The musings of a feminist pop culture fanatic

New Series: Nashville

For anyone who has been living under a rock and missed out on the massive amounts of publicity, Nashville is a new show on ABC. It focuses primarily on two female country singers. The first is Rayna James (the fantastic Connie Britton, Friday Night Lights), an aging woman who is kind of like Faith Hill. She’s wildly popular and considered country royalty, but is not drawing the crowds she used to. The second is Juliette Barnes (Hayden Panettiere, Heroes), who is basically a super evil version of Taylor Swift.

From the very beginning, these two women are rivals. Rayna’s label wants her to go on tour with Juliette and co-headline (a fancy way of saying they want her to open for Juliette). When the two meet, Juliette first snubs Rayna and then says her mom used to listen to Rayna when she was pregnant with Juliette. However, the way she says that is the epitome of a backhanded compliment. Rayna is horribly insulted, of course, and throws a fit. She is determined that Juliette is nothing more than a temporary sensation, a shiny new toy for the public of which they will quickly tire.

Juliette has her own agenda. She approaches Rayna’s longtime guitarist, Deacon Claybourne (Charles Esten, Big Love) and asks him to come on tour with her. She drops a hint that Rayna’s tour might be canceled before Rayna has a chance to talk to him. When Rayna and Deacon talk, it’s pretty clear that the two of them used to be a thing and might not be 100% over each other. Juliette is also sleeping with her record producer, who happens to also be a longtime producer for Rayna. Plus, Juliette has a drug addict mother who constantly calls her to ask for money. Juliette is basically evil, but it’s clear she will eventually become sympathetic.

There are a couple other subplots that are clearly going to come into play over time. Rayna’s husband, Teddy (Eric Close, Without a Trace) is running for mayor of Nashville, despite Rayna’s wishes that he not. Rayna’s father, Lamar (Powers Boothe, Hatfields & McCoys), is behind the campaign and Rayna has major issues with him. She’s afraid her dad will somehow corrupt Teddy. It’s heavily implied that there was some sort of scandal involving Teddy and money. It also is clear that there are problems between Teddy and Rayna, and her father knows something about this. He clearly has some sort of blackmail on his daughter.

The final storyline revolves around Deacon’s niece, Scarlett O’Connor (Clare Bowen, Dead Man’s Burden), a waitress who says she’s a poet, but others tell her she needs to be a singer-songwriter. Her boyfriend, Avery (Jonathan Jackson, General Hospital) is also an up-and-coming songwriter, who Deacon does not trust at all. Meanwhile, Gunnar Scott (Sam Palladio, Episodes), another songwriter, loves Scarlett from afar.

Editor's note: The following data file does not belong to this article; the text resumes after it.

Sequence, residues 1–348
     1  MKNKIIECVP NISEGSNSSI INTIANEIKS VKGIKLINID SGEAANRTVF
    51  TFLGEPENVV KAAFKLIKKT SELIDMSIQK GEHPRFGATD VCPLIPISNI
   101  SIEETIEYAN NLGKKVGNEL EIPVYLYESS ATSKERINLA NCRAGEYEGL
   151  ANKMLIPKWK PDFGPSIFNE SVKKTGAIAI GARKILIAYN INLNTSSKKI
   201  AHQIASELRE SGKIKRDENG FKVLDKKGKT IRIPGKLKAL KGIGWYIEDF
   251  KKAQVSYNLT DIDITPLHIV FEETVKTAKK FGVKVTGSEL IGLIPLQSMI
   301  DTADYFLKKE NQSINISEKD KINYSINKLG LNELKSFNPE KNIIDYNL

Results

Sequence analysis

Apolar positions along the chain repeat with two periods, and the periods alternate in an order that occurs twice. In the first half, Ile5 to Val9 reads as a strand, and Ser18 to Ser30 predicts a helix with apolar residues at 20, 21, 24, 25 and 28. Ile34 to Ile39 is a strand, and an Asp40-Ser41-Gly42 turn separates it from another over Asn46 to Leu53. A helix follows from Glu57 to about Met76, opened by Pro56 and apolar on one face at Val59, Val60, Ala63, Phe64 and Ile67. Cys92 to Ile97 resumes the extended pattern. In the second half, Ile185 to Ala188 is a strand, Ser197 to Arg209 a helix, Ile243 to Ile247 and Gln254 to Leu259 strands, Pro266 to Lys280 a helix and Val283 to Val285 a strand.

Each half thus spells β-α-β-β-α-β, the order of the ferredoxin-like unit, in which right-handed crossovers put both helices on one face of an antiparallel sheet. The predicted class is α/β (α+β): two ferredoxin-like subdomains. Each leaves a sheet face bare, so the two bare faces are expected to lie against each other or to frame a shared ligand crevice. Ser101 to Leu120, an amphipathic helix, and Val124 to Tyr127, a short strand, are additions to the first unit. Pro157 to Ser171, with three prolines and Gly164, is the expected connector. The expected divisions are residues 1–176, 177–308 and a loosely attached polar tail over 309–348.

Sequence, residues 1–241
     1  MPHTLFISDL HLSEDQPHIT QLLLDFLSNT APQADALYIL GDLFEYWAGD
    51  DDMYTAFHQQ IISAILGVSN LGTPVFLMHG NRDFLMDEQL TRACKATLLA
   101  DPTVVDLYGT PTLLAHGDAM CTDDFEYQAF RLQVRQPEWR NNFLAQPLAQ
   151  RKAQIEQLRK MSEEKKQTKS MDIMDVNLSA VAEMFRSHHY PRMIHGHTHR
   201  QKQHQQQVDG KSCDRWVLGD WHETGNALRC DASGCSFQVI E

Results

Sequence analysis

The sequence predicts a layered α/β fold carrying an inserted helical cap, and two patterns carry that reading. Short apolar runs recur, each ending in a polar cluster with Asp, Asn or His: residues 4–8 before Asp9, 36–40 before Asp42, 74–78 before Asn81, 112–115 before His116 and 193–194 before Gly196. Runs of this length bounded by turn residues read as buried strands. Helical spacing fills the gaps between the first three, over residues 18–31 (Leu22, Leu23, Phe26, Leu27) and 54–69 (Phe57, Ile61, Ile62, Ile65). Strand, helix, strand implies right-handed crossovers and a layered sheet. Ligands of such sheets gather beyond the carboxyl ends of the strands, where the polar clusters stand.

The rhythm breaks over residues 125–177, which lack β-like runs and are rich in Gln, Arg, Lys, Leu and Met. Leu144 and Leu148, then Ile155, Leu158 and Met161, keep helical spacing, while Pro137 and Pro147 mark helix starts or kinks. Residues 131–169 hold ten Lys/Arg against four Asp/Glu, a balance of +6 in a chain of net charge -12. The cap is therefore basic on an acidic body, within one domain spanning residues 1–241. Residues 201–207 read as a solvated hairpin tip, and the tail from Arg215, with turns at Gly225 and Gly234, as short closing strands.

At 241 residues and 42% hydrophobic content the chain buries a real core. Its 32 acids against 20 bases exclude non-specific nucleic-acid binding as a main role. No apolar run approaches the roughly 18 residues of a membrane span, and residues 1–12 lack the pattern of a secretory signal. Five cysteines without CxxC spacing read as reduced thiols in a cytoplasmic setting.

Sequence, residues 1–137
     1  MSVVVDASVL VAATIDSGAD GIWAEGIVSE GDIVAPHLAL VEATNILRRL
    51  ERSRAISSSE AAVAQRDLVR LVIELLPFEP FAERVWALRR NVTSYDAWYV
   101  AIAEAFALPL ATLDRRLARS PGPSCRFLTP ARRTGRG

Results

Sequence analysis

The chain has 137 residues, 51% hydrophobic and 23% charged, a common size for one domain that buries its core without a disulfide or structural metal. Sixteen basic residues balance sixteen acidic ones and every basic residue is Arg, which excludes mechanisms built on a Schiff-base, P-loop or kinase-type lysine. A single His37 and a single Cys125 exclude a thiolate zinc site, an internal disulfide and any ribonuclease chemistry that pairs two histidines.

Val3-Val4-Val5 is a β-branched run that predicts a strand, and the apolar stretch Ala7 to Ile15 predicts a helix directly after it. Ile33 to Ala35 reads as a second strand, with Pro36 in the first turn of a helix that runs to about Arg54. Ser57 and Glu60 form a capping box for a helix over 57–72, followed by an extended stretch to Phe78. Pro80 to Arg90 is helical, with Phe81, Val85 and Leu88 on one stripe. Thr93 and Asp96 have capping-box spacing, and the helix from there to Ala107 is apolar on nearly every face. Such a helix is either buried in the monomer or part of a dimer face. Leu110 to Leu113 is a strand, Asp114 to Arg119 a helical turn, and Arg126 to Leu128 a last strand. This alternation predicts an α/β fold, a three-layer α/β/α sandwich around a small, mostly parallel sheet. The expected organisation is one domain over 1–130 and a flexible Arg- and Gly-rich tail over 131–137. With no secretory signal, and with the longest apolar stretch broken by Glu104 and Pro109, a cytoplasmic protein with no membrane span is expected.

By the end of the episode, there are major plot twists set up for the rest of the season. The pilot is really tight and introduces just enough to leave the viewer wanting more. The show comes from Academy Award-winning screenwriter Callie Khouri (Thelma & Louise), so it’s hard to expect much less. There are some interesting questions raised around the expectations of women, both in show business and in family life. There’s clearly a fascinating dichotomy between the younger and older women and the problems associated with age in show business. I, personally, would love to see Rayna and Juliette develop a strong relationship because I feel there aren’t enough strong, positive relationships shown between women on television. However, they are also compelling rivals. I like that both women are depicted as independent and courageous.

Overall, this is arguably the strongest drama pilot of the new season. It held my attention and made me want more as soon as it was over. There is, naturally, a lot of country music in the show, but I still loved it, despite not being a fan of that genre. I would watch Connie Britton read the phone book, but she is truly phenomenal in this role. She’s a strong singer and as most people already knew, an amazing actress. Panettiere really shines as Juliette and has grown a lot since her days as the indestructible cheerleader Claire Bennett on Heroes. 

If you didn’t catch the pilot when it aired, be sure to watch it online. People are going to be talking about this show. I’m predicting it’ll be this season’s Revenge.

Comments on: "New Series: Nashville" (1)

  1. The jury is still completely out on this show, taking in consideration that it’s obvious no thought process was put towards the city of Nashville as a whole. This show is definitely, being talked about in mostly circles of real people that stay in Nashville every day. As a writer, I would have written something that really depicts Nashville, through the eyes of everyone that lives here tastefully! This show is someone’s fantasy world of fake! The appearance of the cast alone proves that! The modern Nashville today has much diversity, to simply skip over, and act as though we are in a 80’s time warp, is absurd This is 2012. This show may use our cities name to endorse it, however thus far the content of the show is from a planet many miles away from it. Tourist will embrace the concept, one that really lives in Nashville everyday, and know what is real won’t . hmm maybe they should have named the show Greenhill’s…..

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